The Weekender: Yellowstone adventurers in danger
Every Friday in The Weekender we take a look at the best videos and news from the week that was—like the Wedge in Southern California lighting up with southern hemisphere swells—and give you a preview of some of the most important events in the world of action and outdoor sports coming up this weekend.
Adventure seekers at Yellowstone causing problems
Unfortunately, it’s been a rough few months for outdoor recreationalists in Yellowstone National Park this year. Visitors have been continually warned by park officials to stay away from wild animals, as park administrators have witnessed several potentially dangerous incidents. Then, a father-son duo actually put a baby bison in their car after thinking it was alone and cold—it later had to be euthanized. Shortly afterward, four men were caught on video walking across the sacred Grand Prismatic Basin hot springs, which are off limits to tourists.
And then this week, tragedy struck, when Portland, Ore.-native Colin Nathaniel Scott fell into the boiling hot Norris Geyser Basin. Scott had reportedly been hiking near the basin when he stepped off the path and slipped into the hot pool. His remains have yet to be recovered. It was a grim reminder of the importance of using caution when exploring Yellowstone.
A photo posted by Yellowstone National Park (@yellowstonenps) on
America’s favorite mutant wave is back
Footage of the Wedge in Newport Beach, Calif., never gets old. A wave that was once exclusively the territory of brave body surfers is now regularly overrun with boogie boards and surfboards and skimboards and standup paddle boards. And they all contribute to the carnage (yes, some skilled waterman actually catch a few quality waves). The Wedge has been lighting up again the last few weeks as swells from the southern hemisphere have reached California beaches. And it makes for great viewing. Here’s a little taste as wave riders brave the sizeable surf.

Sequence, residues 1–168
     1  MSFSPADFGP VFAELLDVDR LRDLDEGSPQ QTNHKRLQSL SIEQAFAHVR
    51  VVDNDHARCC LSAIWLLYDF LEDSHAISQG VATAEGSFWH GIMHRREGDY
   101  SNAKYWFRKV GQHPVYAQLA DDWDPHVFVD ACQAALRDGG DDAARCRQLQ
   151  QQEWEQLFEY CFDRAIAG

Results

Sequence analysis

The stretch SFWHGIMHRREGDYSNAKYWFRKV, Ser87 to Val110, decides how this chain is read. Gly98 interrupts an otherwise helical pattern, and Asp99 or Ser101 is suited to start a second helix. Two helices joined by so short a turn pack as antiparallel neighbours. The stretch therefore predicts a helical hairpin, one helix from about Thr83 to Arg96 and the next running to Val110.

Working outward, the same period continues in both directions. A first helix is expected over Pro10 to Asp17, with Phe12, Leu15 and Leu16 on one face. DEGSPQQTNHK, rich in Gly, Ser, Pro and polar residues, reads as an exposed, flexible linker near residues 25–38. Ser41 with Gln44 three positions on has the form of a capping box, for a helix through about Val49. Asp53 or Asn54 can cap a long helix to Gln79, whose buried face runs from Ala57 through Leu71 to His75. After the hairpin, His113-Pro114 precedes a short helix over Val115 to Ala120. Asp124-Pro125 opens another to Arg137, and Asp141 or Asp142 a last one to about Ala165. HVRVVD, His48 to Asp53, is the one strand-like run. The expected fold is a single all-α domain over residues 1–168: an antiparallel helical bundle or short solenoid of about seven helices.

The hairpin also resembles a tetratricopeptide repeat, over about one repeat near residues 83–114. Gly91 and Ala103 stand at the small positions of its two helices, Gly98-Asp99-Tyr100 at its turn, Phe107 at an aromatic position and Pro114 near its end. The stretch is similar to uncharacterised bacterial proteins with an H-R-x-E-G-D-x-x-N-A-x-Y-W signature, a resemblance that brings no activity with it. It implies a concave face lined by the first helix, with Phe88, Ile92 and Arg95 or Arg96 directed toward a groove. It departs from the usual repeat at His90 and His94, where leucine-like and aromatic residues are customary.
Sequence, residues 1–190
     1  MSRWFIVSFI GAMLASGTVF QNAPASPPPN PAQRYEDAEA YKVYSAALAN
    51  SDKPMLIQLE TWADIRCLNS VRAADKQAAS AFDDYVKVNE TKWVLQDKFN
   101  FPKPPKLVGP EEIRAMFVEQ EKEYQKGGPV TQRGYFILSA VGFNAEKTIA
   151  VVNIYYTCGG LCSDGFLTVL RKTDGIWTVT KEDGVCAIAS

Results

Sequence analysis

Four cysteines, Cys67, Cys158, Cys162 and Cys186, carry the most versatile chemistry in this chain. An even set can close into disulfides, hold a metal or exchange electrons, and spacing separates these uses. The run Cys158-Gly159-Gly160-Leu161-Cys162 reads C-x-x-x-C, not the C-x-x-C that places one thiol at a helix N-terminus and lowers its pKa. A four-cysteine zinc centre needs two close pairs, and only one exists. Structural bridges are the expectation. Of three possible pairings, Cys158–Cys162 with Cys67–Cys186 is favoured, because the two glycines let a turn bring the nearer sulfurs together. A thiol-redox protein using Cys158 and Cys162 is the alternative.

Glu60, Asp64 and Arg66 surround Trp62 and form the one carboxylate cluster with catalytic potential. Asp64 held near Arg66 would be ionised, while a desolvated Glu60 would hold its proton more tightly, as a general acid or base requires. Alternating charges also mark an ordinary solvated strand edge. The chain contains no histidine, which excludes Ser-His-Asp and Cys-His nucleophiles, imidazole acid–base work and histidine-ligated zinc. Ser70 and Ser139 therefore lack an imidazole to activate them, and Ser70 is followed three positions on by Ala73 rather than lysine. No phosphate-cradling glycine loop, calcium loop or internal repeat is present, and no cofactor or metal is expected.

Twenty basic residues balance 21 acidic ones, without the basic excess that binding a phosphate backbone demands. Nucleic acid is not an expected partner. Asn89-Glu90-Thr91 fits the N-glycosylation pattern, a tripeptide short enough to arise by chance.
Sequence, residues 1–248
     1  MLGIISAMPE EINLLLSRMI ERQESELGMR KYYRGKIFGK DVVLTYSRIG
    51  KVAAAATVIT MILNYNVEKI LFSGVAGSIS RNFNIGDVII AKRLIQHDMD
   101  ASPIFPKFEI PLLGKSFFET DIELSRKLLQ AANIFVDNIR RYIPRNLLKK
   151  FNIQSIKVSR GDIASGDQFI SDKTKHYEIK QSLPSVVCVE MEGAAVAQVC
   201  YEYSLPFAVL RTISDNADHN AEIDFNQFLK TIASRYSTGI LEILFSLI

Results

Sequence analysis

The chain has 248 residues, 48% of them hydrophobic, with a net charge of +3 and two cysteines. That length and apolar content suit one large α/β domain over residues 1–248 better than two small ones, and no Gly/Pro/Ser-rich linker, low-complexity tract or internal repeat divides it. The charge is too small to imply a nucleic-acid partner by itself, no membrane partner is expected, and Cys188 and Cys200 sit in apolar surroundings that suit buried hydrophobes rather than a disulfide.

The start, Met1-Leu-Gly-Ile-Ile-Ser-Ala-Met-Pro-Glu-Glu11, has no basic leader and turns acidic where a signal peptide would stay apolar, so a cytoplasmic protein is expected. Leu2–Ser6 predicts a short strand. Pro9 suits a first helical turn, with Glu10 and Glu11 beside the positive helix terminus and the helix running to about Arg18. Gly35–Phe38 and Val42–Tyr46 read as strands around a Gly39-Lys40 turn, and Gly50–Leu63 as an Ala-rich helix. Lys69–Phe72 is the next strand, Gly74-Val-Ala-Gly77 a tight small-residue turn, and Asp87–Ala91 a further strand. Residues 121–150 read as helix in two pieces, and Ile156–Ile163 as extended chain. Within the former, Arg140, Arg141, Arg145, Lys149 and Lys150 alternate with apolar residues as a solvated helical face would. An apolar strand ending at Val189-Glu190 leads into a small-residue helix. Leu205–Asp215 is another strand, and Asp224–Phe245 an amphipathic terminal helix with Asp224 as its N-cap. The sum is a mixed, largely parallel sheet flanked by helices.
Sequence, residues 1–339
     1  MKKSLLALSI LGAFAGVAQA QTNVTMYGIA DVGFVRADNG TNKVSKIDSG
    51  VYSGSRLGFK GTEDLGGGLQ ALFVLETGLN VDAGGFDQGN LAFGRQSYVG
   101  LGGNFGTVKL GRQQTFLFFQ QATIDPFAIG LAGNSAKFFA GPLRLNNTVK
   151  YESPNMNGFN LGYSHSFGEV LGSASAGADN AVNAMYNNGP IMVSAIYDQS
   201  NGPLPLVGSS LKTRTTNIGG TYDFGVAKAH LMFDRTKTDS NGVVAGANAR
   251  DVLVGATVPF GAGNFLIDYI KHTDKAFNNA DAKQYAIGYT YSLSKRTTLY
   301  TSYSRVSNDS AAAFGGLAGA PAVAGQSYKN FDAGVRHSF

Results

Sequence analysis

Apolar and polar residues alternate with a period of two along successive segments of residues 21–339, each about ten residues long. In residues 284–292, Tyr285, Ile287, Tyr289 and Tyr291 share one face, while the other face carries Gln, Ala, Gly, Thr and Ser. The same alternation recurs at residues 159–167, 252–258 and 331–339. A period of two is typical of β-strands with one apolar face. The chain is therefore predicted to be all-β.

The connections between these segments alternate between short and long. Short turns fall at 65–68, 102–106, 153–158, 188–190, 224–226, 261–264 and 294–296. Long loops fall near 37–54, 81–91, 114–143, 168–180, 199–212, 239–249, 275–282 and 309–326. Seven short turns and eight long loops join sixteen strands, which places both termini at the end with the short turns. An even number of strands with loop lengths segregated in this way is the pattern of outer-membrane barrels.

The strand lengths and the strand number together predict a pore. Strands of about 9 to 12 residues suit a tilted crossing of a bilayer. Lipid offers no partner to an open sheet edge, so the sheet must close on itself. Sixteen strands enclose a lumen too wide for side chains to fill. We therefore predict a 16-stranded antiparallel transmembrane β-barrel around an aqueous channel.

Inbounds avalanches—resorts are no longer liable
In a somewhat controversial ruling last week, the Colorado Supreme Court said that ski resorts are not liable for deaths or injury due to inbounds avalanches. In a 5–2 judgment, the court said that resorts are shielded under the Ski Safety Act created in 1979 that protects resort owners and operators working to keep skiers and snowboarders safe in terrain that is inherently dangerous.
The ruling was in response to a case brought to the court by the family of Christopher Norris, who was killed in an inbounds avalanche at Winter Park in 2012. The family had been seeking $250,000 in damages.
Litigation is rarely a good thing, as the costs are often passed onto the public in the form of increased prices on the hill. But the ruling did create a contradiction: in northern California, Christian Michael Mares is being charged with a felony for cutting a rope at Sugar Bowl resort and skiing terrain that was deemed off limits. He caused a slide, and his video of the incident went semi-viral online. So if resorts aren’t liable for in-bounds avalanches, should resorts be able to charge customers who are footing the bill when they make a mistake and ski off-limits terrain? It’s a conundrum that will continue to be debated.
The chairlifts are closed, so be sure to check the avy report before you #earnyourturns this week. Yesterday, a natural persistent slab ran on Scarp Ridge and there were wet loose avalanches on steep, sunbaked slopes. All the details at www.cbavalanchecenter.org
A photo posted by @cbavalanchecenter on
What’s On Tap
UCI Downhill Mountain Biking World Cup
RedBull.tv | Sunday 8:30 a.m. EST
The best downhill riders in the world head to Leogang, Austria, for the next World Cup stop on a course that isn’t quite as gnarly, but allows for incredible speed.
WorldSurfLeague.com | Friday 3:30 p.m. EST
The World Surf League has been on hold at the Fiji Pro, waiting for an impending swell to start Round 3 that looks like it’s ready to light up Cloudbreak. Check the morning show to find out if the contest is running.